Displaying 41 - 50 of 154.
In the 21st century, the dress code is on the list of demands to ensure the abolishing of discrimination based on race, faith or color. Women are at the center of the battle, and behind their back, is the bearded man with the short cloak over the short trousers. Those kind of men stress the...
The author comments on killing a Catholic 16-year-old girl in Minia because of her relation with a Muslim man. He says that it was the first incident of murder to occur inside a Catholic community, which shows that it has been influenced by the Orthodox religious hard-liners and the violence...
The author talks about the rights of Egyptian women in society.
A student of higher studies at the Usūl al-Dīn [Fundamentals of Religion] Faculty, al-Minūfīyah branch of the Azhar University, wrote a PhD thesis deeming that the Rose al-Yūsuf periodical and founder were Kāfir. In week 50, AWR presented a series of reactions published in Rose al- Yūsuf. The...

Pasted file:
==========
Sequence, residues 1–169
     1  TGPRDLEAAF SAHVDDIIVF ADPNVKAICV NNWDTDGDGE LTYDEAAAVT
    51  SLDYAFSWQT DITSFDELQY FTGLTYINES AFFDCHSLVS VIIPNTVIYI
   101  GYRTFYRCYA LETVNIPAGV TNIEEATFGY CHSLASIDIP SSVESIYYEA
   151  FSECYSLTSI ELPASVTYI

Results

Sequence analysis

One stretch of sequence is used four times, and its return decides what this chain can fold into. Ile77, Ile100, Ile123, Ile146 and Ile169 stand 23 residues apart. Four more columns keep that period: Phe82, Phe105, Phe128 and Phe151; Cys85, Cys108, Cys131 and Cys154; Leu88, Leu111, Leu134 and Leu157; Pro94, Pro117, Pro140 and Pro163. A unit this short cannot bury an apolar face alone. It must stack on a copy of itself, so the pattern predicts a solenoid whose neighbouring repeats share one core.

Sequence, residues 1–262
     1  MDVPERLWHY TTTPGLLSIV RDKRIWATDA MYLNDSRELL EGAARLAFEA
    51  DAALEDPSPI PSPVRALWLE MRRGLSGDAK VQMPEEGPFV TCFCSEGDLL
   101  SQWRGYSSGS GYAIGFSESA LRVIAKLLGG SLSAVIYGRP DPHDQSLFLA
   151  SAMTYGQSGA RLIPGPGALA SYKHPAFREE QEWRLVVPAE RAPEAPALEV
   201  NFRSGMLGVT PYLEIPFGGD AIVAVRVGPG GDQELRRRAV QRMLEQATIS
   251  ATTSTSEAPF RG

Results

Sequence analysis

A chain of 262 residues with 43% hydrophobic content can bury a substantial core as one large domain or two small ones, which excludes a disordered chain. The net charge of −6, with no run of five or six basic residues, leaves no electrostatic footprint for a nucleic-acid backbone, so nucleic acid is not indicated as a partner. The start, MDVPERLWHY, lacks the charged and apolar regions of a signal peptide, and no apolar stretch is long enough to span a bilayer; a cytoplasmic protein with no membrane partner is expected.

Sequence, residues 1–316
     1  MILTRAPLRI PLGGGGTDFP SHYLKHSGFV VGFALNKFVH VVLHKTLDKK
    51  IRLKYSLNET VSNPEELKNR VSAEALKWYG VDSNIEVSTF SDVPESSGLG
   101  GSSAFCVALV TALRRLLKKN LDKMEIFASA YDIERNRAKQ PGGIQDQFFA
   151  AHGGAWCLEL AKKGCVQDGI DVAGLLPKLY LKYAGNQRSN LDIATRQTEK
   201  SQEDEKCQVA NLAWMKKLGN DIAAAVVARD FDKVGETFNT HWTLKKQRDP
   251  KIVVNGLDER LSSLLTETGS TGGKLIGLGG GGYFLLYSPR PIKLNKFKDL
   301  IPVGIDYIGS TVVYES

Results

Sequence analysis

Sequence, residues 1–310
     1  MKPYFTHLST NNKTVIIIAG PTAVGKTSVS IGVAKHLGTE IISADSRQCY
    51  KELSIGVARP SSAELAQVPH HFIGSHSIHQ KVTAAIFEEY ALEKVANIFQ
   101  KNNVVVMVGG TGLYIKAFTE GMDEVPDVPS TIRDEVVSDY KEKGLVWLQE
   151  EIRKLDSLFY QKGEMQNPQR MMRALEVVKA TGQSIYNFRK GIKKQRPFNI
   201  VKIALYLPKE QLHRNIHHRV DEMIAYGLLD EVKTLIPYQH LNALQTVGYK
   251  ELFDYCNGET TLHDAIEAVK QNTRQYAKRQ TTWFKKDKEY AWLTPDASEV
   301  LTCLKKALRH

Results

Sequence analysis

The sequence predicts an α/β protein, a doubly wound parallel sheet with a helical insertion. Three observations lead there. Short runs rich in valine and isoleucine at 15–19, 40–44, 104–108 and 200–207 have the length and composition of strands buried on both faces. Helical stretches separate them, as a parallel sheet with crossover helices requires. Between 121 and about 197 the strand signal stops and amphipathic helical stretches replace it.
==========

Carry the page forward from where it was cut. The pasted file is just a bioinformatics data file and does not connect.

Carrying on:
Nabīl ‘Abd al-Malik suspects that certain articles of the Egyptian constitution will be amended while others will be left untouched. He believes that a whole integrated constitution has to be established to follow a unified political philosophy that respects the rights of all citizens, especially...
The stand of the judge’s club against appointing female judges shocked civil and feminist trends which believe that this stand is contrary to the principle of judge’s independency. It also violates the Egyptian constitution and the international charters.
Khālid Muntassir writes about ‘Al-Awbah’ [The Return], a book that has caused a wide controversy in Saudi Arabia.
Nabīl Zakī reports about how the issue of human rights is being tackled in educational religious curricula.
An assistant professor at the Faculty of Human Studies at the Azhar University obtained a court verdict against a decree of the American University in Cairo (AUC). The decree was issued following the events of September 11th, and prevented Niqāb-dressed women from entering the University.
The author poses the question whether women in Upper Egypt, who encourage their children to carry out the undesirable traditional habit of feuds...are victims of harsh conditions or semi-criminals.

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